In his Sept. 14 WorldNetDaily column, Brent Smith tries his best to defend President Trump over his insistence that the claim that nearly 3,000 people were killed in Puerto Rico by Hurricane Maria and its aftermath that came about by "magic":
The study was conducted from September, 2017, the month of the storm, all the way through February of the following year (2018).
Now, I don’t know about you, but when I read that some “3,000 people were killed by Hurricane Maria in Puerto Rico,” I don’t expect a death that occurred almost six months later to count as one of the “storm” deaths. No reasonable person would.
In fact, according to Puerto Rico’s own records, the total deaths directly caused by the storm were 64. “The official government estimate of 64 deaths from the hurricane is low primarily because the conventions used for causal attribution only allowed for classification of deaths attributable directly to the storm, e.g., those caused by structural collapse, flying debris, floods and drownings,” the report notes.
Well duh! Isn’t that what “killed by Hurricane Maria” is supposed to mean? Evidently not, but every person who reads that kind of headline will come to the same wildly incorrect conclusion.
The vast majority of deaths were mainly due to the island’s already crumbling infrastructure and pitiful disaster preparedness in a place run by leftists for decades. That and the study also included deaths that occurred during the migration of Puerto Rican residents to states like Florida even months later.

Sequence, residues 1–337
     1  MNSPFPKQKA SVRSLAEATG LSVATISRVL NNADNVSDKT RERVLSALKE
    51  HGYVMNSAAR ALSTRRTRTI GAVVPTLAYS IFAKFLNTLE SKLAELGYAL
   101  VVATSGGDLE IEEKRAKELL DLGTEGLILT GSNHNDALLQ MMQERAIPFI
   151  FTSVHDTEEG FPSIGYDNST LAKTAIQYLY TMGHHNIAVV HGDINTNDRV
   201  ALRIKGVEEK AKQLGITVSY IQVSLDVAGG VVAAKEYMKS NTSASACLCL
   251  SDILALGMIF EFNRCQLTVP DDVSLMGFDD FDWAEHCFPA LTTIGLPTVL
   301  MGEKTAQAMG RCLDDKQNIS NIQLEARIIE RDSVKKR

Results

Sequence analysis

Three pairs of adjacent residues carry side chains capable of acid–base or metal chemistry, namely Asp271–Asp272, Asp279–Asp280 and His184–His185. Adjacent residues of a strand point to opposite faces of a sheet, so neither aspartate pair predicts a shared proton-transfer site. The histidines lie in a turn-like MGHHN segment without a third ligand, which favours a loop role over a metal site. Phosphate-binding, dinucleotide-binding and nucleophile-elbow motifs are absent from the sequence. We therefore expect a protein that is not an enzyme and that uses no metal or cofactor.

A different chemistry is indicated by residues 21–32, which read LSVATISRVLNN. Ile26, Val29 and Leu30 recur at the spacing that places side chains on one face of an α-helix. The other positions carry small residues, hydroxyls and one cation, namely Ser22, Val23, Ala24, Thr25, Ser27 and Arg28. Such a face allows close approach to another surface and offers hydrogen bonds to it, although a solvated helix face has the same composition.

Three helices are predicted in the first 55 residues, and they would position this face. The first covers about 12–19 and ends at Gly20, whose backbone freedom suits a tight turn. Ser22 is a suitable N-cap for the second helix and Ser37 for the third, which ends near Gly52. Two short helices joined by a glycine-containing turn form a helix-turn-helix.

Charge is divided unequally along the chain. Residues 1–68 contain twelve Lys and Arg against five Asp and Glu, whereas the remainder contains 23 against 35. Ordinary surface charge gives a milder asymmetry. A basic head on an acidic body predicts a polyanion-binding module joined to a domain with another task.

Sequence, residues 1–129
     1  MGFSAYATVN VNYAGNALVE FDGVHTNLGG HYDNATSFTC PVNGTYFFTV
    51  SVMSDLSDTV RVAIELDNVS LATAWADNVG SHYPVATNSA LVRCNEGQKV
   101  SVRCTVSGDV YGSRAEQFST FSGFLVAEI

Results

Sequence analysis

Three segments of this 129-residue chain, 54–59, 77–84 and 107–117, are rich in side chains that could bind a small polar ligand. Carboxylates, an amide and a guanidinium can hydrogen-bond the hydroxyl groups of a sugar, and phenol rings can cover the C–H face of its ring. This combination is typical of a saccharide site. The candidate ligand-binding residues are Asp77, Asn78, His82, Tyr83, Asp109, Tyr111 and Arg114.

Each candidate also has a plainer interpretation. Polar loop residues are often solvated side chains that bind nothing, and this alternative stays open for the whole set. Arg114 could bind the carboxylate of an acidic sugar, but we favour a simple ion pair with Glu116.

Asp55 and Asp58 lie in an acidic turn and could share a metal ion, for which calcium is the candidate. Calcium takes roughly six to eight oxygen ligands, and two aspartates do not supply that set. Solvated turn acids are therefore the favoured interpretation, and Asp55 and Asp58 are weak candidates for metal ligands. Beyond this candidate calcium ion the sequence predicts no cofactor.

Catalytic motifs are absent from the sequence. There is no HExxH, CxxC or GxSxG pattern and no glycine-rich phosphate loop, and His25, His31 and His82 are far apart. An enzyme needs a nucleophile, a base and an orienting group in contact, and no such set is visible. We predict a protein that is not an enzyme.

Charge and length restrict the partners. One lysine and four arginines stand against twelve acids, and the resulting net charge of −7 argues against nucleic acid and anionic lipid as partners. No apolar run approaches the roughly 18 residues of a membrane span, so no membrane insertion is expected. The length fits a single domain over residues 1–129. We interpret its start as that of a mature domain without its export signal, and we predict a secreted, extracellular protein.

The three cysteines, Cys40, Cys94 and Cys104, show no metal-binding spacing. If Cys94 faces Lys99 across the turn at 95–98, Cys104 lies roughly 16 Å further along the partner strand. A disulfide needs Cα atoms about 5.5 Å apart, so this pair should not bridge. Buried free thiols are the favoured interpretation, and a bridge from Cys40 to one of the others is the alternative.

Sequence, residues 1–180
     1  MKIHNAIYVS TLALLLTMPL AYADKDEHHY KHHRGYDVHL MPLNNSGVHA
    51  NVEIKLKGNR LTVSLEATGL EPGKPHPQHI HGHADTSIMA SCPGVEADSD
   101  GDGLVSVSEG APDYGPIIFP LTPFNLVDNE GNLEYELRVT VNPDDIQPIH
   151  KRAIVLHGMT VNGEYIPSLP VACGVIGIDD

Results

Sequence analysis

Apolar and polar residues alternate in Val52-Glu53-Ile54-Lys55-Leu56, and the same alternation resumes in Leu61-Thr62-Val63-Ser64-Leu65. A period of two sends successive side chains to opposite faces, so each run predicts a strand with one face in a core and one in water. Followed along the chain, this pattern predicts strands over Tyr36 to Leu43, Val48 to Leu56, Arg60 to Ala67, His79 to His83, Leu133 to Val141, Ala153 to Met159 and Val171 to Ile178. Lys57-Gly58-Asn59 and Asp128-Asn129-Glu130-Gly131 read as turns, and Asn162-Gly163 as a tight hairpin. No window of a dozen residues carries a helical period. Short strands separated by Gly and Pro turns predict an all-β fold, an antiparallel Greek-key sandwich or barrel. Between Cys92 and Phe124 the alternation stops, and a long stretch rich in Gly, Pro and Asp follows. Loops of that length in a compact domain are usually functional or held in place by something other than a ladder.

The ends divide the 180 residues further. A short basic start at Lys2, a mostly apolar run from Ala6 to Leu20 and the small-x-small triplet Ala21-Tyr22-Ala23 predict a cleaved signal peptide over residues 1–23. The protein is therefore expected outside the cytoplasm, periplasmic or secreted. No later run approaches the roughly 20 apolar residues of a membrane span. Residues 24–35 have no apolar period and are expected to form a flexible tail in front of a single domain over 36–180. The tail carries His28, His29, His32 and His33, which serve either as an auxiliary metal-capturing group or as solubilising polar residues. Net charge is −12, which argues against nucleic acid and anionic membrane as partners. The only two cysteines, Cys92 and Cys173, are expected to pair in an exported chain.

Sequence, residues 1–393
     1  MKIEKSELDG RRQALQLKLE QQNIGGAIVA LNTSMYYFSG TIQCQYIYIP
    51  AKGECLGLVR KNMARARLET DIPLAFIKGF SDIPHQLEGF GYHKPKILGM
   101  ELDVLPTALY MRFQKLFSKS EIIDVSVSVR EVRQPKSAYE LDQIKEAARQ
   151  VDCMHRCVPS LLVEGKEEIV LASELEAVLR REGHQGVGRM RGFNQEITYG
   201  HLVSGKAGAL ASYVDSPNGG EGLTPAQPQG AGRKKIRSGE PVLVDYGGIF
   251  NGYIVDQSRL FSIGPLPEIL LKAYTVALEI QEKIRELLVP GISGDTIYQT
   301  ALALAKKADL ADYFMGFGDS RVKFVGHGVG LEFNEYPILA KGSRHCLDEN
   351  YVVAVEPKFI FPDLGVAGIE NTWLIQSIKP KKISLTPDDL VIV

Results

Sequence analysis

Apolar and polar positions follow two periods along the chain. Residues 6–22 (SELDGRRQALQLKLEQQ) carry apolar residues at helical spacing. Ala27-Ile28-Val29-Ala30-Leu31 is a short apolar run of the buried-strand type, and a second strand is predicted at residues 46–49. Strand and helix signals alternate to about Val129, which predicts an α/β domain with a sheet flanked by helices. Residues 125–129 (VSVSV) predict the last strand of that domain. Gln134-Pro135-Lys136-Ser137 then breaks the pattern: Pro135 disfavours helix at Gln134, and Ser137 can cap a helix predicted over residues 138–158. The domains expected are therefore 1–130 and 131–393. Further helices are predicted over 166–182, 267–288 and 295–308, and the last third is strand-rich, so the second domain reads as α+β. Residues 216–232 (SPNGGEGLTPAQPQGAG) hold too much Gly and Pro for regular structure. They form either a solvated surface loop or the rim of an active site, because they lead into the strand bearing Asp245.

And because of this “study,” done almost entirely by computer models on the campus of GW University and where “researchers” never once ventured to Puerto Rico, history will reflect the 3,000 number – not the 64. This will make it No. 2 among the U.S. hurricanes that have taken the most lives. No. 1 is still Galveston, Texas, in 1900, which claimed 8,000 lives.
I am not belittling any of the deaths from Hurricane Maria. But whether this study by GW was politically motivated or not, it certainly has given ample ammunition to the likes of CNN, MSNBC, et al., to further their assaults on the president.
In fact, the George Washington University study Smith (and Trump) attacked was not politically motivated; it's a statistical analysis calculating the bnumber of "excess" deaths in Puerto Rico after the hurricane. That study was commissioned by the Puerto Rican government, and it accept the study's funding that 2,975 people died as a result of Maria.
Further, while Puerto Rico was facing crumbling infrastructure before Maria hit, there seems to be plenty of blame to go around, and Smith offers no proof that it was "leftist" government officials who were solely responsible.